New homes involve a new community, and you should take the time to learn about it.
What we find in a community can vary a best deal, depending on both our lifestyle and life stage. A downtown high-rise condo perfect for young professionals or adults may not suit young families. Conversely, suburban communities that are great for families may not offer what singles and retirees are looking for. There is no 'right or wrong' community, just the right one for you.
Today, new developments are often planned communities ranging from large-scale developments with hundreds of homes to private enclaves of fewer than 50 homes, to downtown condo towers. The ideal "community" is a very personal thing that varies from person to person.
It's important to have realistic expectations and know what you're looking for before you buy into it. When you visit builders' sales offices and model homes or suites, ask about the community at the same time.
Who is the Target Market?
Ask the builder or seller to describe the community and homeowners it is designed for. Inquire about the mix of homes by styles, size, and price range and ask for profiles of people who have bought to date – who lives there? Some communities, especially those aimed at adults and seniors, may even set criteria for who can shop there.
What Common Facilities and Community Amenities are Planned?
Developers and builders put a great deal of effort into planning a community that will work well for the intended residents. In surrounding developments, common amenities such as parks and community centers are part of their plan. Condominiums can include a wide range of common amenities, from health clubs, to party rooms, to pools. Ask what is planned for the community or condominium development you are looking at.
What Ongoing Services Will be Offered?
Services provided by communities to individual homeowners vary greatly, so be sure to ask for detailed information, including costs. In condominium developments, security and most maintenance of the exterior of your living unit will be professionally managed. Certain neighborhood development services such as gardening and snow removal are sometimes mandatory to keep the community attractive and safe. Seniors’ developments may include recreational services and health. Make sure you know what fees or costs are associated with the services provided.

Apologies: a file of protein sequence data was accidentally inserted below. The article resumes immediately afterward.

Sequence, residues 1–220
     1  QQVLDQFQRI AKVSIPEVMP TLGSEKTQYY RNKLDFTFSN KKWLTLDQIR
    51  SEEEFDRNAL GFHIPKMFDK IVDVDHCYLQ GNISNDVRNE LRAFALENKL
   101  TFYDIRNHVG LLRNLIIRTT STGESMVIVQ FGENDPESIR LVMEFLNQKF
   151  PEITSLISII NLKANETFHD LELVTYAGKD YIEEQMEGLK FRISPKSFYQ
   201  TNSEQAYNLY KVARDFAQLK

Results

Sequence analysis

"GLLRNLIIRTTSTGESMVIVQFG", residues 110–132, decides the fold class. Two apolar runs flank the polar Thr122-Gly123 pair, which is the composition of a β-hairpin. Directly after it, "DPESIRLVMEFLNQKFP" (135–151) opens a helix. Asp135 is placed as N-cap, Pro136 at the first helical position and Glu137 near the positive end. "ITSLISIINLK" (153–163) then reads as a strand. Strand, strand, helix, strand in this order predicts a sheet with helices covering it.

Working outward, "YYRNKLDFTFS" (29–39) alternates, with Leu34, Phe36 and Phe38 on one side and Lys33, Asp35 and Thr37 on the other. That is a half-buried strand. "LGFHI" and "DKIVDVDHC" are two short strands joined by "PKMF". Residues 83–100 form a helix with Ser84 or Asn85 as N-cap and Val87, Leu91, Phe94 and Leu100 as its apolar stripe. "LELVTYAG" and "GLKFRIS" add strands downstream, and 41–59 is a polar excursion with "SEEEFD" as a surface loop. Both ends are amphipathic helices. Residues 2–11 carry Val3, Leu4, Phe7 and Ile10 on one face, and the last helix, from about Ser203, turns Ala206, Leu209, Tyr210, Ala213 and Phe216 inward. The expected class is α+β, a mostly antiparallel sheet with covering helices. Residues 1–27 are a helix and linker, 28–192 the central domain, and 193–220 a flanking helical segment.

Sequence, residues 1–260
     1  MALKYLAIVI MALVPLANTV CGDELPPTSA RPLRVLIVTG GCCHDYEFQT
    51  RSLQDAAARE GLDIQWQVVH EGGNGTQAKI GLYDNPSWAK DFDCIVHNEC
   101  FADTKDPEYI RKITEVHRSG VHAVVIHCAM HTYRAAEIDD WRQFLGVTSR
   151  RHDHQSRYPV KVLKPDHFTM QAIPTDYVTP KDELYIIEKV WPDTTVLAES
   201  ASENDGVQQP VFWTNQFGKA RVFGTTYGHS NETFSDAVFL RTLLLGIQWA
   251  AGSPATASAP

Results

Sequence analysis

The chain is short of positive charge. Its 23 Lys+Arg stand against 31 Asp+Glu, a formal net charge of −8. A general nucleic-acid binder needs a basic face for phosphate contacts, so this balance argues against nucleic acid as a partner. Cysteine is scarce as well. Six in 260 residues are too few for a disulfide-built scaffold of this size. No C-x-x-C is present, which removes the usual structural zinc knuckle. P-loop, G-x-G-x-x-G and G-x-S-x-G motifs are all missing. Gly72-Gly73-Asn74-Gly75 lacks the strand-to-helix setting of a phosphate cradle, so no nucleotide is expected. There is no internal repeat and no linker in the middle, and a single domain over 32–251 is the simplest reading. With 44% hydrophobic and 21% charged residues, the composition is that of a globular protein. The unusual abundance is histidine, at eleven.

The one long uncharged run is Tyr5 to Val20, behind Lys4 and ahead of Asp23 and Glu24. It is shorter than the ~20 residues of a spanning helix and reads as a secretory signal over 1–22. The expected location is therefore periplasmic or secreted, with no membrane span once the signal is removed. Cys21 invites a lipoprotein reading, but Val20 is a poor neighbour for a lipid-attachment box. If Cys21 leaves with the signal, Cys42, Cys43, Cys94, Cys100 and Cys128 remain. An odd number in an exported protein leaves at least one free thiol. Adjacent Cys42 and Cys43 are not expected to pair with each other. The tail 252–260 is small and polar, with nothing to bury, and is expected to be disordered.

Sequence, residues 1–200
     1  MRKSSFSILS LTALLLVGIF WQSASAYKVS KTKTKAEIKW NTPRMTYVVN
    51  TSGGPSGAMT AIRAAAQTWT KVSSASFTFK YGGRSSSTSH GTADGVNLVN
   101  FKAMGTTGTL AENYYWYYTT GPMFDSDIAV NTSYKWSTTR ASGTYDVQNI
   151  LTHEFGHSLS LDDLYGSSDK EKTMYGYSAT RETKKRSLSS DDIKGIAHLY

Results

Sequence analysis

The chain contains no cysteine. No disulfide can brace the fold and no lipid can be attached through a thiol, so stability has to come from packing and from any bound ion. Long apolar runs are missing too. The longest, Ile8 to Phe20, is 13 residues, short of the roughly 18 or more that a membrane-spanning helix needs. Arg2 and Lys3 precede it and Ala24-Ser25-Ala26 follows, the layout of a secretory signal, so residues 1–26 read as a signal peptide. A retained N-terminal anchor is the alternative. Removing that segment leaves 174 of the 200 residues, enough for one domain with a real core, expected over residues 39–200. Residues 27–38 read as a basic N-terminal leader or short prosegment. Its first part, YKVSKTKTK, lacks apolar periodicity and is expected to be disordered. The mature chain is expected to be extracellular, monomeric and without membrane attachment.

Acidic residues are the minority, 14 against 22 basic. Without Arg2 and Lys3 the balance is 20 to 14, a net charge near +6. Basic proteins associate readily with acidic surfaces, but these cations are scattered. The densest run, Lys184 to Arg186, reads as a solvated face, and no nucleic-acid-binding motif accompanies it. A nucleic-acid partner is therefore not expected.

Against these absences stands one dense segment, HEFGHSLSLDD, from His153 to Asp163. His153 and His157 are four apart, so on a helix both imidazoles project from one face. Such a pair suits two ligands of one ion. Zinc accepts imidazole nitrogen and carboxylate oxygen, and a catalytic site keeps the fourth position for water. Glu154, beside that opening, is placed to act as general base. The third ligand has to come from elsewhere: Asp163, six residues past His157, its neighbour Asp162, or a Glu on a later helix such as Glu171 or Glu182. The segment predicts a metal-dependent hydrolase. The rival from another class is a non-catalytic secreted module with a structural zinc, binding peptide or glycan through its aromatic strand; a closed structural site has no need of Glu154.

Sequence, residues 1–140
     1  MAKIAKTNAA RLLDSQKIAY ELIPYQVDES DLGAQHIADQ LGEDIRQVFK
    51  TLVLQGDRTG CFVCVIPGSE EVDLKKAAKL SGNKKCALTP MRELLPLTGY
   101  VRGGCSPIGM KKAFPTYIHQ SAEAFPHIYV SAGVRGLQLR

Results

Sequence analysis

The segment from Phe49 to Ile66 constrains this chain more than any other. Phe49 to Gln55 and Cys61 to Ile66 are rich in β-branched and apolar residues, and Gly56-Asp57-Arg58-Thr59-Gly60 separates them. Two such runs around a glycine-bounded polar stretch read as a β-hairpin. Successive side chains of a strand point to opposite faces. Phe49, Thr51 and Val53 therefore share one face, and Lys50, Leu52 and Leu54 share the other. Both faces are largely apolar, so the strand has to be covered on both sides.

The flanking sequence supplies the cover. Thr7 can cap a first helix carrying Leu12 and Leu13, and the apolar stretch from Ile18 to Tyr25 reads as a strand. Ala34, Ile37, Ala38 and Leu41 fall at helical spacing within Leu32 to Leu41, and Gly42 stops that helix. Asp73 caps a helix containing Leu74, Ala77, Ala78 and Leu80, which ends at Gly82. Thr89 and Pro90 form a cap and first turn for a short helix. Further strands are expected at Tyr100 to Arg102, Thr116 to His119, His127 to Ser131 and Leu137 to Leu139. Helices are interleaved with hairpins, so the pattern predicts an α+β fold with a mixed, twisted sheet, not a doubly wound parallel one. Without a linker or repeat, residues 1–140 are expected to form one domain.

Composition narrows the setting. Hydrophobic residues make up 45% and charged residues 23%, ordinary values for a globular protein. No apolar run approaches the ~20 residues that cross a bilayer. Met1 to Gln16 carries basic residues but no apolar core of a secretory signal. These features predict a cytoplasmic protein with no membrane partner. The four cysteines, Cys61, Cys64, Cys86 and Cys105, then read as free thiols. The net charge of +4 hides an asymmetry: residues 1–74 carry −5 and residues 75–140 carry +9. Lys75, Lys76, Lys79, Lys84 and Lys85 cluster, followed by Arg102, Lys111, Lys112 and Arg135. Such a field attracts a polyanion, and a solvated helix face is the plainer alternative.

Ask to See the Complete Community Plan
People work in communities and the layout and design of a new community will affect how residents interact and your daily routine. Look for narrow or winding roads to reduce traffic and sidewalks and paths for pedestrians and bicycles to move around the development easily and safely. Check whether shops and service areas are within walking distance and note the location of schools, access to transport and connections to other parts of the city or neighborhood.
Connect the Community to Your Workplace
You should understand the options for commuting to your workplace. If you plan to travel by car, it may be a good idea to drive during rush hours along your route. If you plan to use transit, find schedules and routes that work for you.
Talk to the People in Your Prospective Community
There's Nothing beats talking with the neighbors to learn about a prospective community. If the development is already partially built and lived in, walk around to get a feel for the community. Stop chatting with people on the street or try knocking on someone's door to ask a few questions. Most people don't mind, and it can help you a lot in deciding if this is the right community for you.